What book or article in the subject have you read/researched? — TonesInDeepFreeze
So it's settled in your mind that you won't read even a single book or article about this subject, but that others should read your website? — TonesInDeepFreeze
No, it's nonsense. That's not how set theory works.
1 is a member of N and R.
A is a member of A and B.
That's it. — Michael
Your argument seems to be that A is not a member of B in A because B is not defined in A — Lionino
here is a demonstration of how a set can only be viewed as a member of itself in its own respective set:
v = any set
The v of all vs = the set of all sets
z = any set that is not the set of all sets
The z of all zs = The not-the-set-of-all-sets-set of all not-the-set-of-all-sets-sets
The z of all zs is a member of itself in the the z of all zs, but it is not a member of itself in the v of all vs precisely because in the v of all vs it is a member of the v of all vs as opposed to a member of itself. If we view the z of all zs as a z, it is a member of itself. If we view the z of all zs as a v, it is a member of the v of all vs. We can't treat two different things/references/contexts/standards/items as one (as in are we focused on the context/items of vs or the context/items of zs to determine what is a member of itself or not a member of itself?). — Philosopher19
If A is the set {A} then A is a member of both A and U. — Michael
You've argued that there is a set of all sets, U.
If A is the set {A} then A is a member of both A and U. — Michael
1. x is a member of A if and only if x is a member of x — Michael
Yes, you’re confused. A is a member of A and B. 1 is a member of N and R. That’s all there is to it. — Michael
And you’re confused. It’s not the case that “in A” it’s a member of one thing and “in B” it’s a member only of something else. — Michael
z = any set that is not the set of all sets
v = any set
The v of all vs = the set of all sets
The z of all zs = The not-the-set-of-all-sets-set of all not-the-set-of-all-sets-sets — Philosopher19
Take z to be any set that is not the set of all sets, and take v to be any set. The z of all zs is a member of itself as a z (as in in the z of all zs it is a member of itself). But it is not a member of itself in the v of all vs, precisely because in the v of all vs it is a member of the v of all vs as opposed to a member of itself. If we view the z of all zs as a z, it is a member of itself. If we view the z of all zs as a v, it is a member of the set of all sets. You can't view it as both a member of the z of all zs and a member of the v of all vs at the same time. That will lead to contradictions. In other words, we can't treat two different standards/contrexts as one (as in are we focused on the context/items of vs or the context/items of zs to determine what is a member of itself or not a member of itself?) — Philosopher19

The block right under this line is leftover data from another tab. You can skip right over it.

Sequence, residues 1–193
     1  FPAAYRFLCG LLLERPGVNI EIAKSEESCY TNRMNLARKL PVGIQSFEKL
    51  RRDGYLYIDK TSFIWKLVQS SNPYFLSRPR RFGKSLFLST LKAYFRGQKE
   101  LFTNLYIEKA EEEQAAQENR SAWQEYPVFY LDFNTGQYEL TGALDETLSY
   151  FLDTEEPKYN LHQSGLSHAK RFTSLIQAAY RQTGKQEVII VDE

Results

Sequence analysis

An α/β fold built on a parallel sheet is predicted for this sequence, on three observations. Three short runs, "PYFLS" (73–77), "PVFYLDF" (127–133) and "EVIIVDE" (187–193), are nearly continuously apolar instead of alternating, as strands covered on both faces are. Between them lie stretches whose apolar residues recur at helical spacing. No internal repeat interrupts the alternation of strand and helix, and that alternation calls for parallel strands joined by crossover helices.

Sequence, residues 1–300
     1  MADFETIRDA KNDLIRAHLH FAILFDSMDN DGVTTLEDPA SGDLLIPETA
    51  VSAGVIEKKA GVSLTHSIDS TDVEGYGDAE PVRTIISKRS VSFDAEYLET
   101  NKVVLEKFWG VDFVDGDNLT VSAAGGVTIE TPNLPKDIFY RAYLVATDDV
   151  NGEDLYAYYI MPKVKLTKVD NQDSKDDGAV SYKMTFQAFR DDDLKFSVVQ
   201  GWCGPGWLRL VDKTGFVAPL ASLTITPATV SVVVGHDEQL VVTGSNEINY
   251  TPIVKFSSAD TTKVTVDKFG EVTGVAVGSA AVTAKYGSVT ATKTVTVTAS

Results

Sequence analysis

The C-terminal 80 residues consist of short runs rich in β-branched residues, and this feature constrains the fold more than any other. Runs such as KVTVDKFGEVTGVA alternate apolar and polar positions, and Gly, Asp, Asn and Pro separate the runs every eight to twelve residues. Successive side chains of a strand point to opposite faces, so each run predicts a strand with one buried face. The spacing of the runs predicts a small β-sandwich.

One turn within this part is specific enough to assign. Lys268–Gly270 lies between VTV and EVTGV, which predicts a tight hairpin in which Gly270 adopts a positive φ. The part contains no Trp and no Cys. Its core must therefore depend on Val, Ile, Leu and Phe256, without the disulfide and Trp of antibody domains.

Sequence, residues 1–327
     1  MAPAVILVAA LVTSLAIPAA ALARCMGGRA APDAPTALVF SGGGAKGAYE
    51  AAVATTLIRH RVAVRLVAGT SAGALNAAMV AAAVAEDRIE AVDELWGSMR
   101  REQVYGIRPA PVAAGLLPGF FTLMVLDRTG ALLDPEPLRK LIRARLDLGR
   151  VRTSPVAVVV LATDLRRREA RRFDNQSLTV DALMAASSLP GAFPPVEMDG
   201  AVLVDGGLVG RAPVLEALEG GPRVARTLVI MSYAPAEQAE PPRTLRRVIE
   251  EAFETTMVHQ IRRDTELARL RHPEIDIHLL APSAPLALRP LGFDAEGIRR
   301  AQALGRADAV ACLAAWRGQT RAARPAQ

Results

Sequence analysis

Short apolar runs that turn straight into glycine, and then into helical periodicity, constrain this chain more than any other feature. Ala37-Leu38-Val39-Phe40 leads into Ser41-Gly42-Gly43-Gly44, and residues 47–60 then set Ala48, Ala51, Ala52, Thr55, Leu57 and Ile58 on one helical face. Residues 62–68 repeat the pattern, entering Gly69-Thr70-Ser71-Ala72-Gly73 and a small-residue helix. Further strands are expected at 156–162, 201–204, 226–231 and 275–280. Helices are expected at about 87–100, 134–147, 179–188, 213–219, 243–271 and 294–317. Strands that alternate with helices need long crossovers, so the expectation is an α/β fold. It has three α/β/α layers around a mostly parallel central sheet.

Scenario 1
— Michael
Scenario 2
B = {0, A}, where A = {A} — Michael
So why is it that A can be both a member of B and C but not a member of both A and B? — Michael
N is the set of natural numbers.
R is the set of real numbers.
Every natural number is a member of both N and R. We don't say "in R, the natural numbers are not members of N". — Michael
↪Philosopher19 A is a member of both A and B. This is basic set theory. Take a math lesson. — Michael
It is just the case that the symbol "A" is defined recursively as "{A}" and that the symbol "B" is defined as "{A, 0}", which is the same as "{{A}, 0}" given the recursive definition of "A". — Michael
In the case of B = {A, 0}, is A a member of A/itself, or is A a member of B/non-itself? — Philosopher19
Both a member of itself and a member of B. — Michael
Look at what you're saying:
"In B" does not equal to "in both A and B".
Do you see your contradiction? You have treated "in B" as the same as "in both A and B". — Philosopher19
Both a member of itself and a member of B. — Michael
Both — Michael
If A = {A} and if B = {A, 0} then A is a member of A and a member of B. — Michael